Dynamic Verbs
and Stative Verbs

Examples and Exercises

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Dynamic verbs vs. stative verbs can cause confusion among students.

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But really they aren't as difficult or as complicated as you may think.

The most important reason you need to know about these is because stative verbs can't usually be used in the progressive form. But more about that later!

Firstly, what do the words "dynamic" and "stative" mean?  

They aren't very common words in everyday English, but they are grammar terms you will need to know to understand this subject.


Dynamic

"Dynamic" is an adjective which means something is moving or changing.

In English grammar a "dynamic verb" means that the verb describes an action rather than a state. Dynamic verbs are sometimes known as "action verbs."

"Joe is chasing the bus."

"Joe is chasing the bus."


Stative

"Stative" is an adjective which describes something as having a state, or existing (this is a very uncommon adjective).

In English grammar a "stative verb" means that the verb describes a state rather than an action.

Stative verbs are sometimes known as "state verbs."

"Kevin wants some ice-cream."

"Kevin wants some ice-cream."

So now you know the meaning of the terms, let's look at some examples!

First, here is a list of some dynamic verbs. You can see that they are all used to describe an action, change, or process. Most of them are used to describe an activity which has a start and an end.

Examples of dynamic verbs:
  • eat
  • walk
  • learn
  • grow
  • sleep
  • talk
  • write
  • run
  • read
  • become
  • go
These words can all be used in the progressive form.

Example sentences with dynamic verbs:
  • "I can't talk right now, I'm eating dinner."
    Present progressive used to describe an action happening now.

  • "Sorry, I'm out of breath because I've been running."
    Present perfect progressive used to describe an action that started in the past, continued for some time and has results now.

  • "I didn't steal the necklace! I was sleeping when someone broke into the shop!"
    Past progressive used to talk about an action that was happening at a particular time in the past.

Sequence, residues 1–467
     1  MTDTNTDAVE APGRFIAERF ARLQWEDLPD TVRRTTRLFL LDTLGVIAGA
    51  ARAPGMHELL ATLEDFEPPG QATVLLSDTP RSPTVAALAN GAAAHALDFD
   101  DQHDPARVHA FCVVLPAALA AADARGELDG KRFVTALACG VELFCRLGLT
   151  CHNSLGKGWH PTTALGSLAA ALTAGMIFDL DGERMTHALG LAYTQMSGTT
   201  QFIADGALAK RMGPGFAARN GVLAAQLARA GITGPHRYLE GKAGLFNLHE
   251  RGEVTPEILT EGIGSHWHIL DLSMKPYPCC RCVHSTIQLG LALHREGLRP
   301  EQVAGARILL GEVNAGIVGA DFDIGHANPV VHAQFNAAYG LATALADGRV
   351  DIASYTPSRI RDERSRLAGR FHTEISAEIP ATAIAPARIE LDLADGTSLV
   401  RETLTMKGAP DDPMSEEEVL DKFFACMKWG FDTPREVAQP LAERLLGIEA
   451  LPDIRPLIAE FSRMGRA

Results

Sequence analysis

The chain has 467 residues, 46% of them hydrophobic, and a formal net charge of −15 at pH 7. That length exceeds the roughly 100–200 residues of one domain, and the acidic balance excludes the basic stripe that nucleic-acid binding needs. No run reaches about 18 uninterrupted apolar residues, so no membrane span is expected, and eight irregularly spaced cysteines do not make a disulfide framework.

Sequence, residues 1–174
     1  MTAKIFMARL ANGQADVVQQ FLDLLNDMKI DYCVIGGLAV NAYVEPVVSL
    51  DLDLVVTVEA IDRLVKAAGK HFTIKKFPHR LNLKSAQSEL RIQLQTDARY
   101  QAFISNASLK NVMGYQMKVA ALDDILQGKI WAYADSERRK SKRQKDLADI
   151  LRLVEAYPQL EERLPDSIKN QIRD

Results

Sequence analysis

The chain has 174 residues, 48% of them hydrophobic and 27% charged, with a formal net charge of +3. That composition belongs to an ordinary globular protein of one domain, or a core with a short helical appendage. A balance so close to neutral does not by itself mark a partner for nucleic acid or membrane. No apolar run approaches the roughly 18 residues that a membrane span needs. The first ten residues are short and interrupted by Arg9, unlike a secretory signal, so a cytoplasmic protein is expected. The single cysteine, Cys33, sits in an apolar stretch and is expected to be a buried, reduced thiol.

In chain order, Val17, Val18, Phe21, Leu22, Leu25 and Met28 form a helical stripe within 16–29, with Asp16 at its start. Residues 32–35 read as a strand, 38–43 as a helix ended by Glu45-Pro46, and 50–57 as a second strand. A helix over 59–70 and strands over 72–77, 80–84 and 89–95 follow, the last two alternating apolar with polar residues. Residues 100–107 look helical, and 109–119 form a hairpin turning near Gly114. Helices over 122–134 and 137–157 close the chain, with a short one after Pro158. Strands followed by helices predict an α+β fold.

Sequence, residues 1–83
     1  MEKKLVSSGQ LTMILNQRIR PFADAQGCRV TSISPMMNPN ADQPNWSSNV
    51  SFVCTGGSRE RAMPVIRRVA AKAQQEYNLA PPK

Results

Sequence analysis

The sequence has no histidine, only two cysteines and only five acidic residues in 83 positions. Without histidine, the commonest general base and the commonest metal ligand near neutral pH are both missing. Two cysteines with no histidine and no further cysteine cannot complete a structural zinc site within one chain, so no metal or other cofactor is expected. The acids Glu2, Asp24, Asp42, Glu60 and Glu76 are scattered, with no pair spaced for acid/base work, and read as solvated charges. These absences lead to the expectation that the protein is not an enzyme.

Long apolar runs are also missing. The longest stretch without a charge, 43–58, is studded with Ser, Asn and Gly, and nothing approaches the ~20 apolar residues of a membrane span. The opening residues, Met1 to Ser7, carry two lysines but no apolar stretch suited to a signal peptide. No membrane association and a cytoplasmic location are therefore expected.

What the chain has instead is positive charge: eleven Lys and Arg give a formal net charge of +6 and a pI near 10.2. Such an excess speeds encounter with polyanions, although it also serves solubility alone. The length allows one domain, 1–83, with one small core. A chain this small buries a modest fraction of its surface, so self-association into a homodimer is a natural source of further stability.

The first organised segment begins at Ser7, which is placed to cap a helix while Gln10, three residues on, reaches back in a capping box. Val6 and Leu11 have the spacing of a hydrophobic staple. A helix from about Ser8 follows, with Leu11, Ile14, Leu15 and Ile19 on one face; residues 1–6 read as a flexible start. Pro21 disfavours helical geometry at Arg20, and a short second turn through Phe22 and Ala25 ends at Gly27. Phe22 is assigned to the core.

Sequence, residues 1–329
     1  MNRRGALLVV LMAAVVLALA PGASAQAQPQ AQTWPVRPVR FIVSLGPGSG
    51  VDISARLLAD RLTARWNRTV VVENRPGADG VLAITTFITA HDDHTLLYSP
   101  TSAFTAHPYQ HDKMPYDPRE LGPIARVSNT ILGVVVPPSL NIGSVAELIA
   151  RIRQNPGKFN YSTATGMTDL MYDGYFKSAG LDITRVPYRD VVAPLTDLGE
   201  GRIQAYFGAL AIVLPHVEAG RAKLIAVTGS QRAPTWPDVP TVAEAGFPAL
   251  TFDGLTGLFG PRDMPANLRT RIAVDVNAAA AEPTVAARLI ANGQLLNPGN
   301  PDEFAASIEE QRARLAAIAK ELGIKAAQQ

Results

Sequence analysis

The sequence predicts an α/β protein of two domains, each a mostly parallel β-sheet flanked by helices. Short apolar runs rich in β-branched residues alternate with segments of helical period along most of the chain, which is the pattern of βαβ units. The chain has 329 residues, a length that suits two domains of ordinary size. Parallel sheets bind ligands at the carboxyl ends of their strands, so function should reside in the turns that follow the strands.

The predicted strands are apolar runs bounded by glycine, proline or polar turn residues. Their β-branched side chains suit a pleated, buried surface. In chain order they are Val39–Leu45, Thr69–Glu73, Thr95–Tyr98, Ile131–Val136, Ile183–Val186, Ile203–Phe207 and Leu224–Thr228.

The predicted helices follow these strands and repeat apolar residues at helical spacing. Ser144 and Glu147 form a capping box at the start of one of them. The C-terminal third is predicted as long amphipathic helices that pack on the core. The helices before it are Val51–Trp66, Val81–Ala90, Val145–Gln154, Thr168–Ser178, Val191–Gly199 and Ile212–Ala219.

Here is a list of some of the stative verbs. Some of these describe relationships between things or people (for example, own) and some describe emotions or states of mind.

Examples of stative verbs:
  • love
  • hate
  • like
  • prefer
  • doubt
  • seem
  • know
  • own
  • understand
Here are some examples, showing that these words cannot be used in the progressive form.

Correct: "I like chocolate, but I prefer cake."
Incorrect: "I'm liking chocolate but I'm preferring cake."

Correct: "I don't understand you when you speak quickly."
Incorrect: "I'm not understanding you when you speak quickly."

There are also some verbs that can be either dynamic or stative, depending on their meaning and context in the sentence. I'm sure you know by now that there are many words in English that can have more than one meaning!

Examples of verbs that can be either dynamic or stative:
  • think
  • mind
  • have
  • smell
  • sound
Let's look at some examples of how these verbs are used differently.

Example sentences:
  • "I think it is wrong to hit children."
    Here, think is a stative verb. It means "to have an opinion" and it cannot be used in the progressive form in this case.

    BUT

    "I'm thinking about buying a new car."
    Here, thinking is describing a process, or an action. This is something that is happening, rather than simply being. So here we can use the progressive form.

  • "I don't mind if we watch a movie tonight."
    Here, mind means "be bothered by", which is a state of mind, not an action. Therefore, it is stative.

    BUT

    "I'm not being nosy. I'm minding my own business!"
    Here, minding means "looking after" and is therefore a process and a dynamic verb.

  • "I have three brothers."
    Have here talks about the family relationship the speaker has with her brothers and is therefore stative.

    BUT

    "I'm having a bad day today. I'll call you when things are better."

    Having in this sentence means the speaker is going through the process of a bad day. It is therefore dynamic.

All this may seem complicated, but if you read and listen to as much English as you can, you will soon start to know which verbs sound right in the progressive. If you keep the basic idea of dynamic verbs vs. static verbs in the back of your mind, it will help you greatly.

Now, let's practice!

Dynamic verbs and stative verbs exercises

Dynamic verbs and stative verbs exercises

Reminder:


Exercises

Dynamic verbs and stative verbs exercise 01

Dynamic verbs and stative verbs exercise 02

Dynamic verbs and stative verbs exercise 03

Dynamic verbs and stative verbs exercise 04

Dynamic verbs and stative verbs exercise 05
(Special exercise with verbs that have both dynamic and stative meanings)

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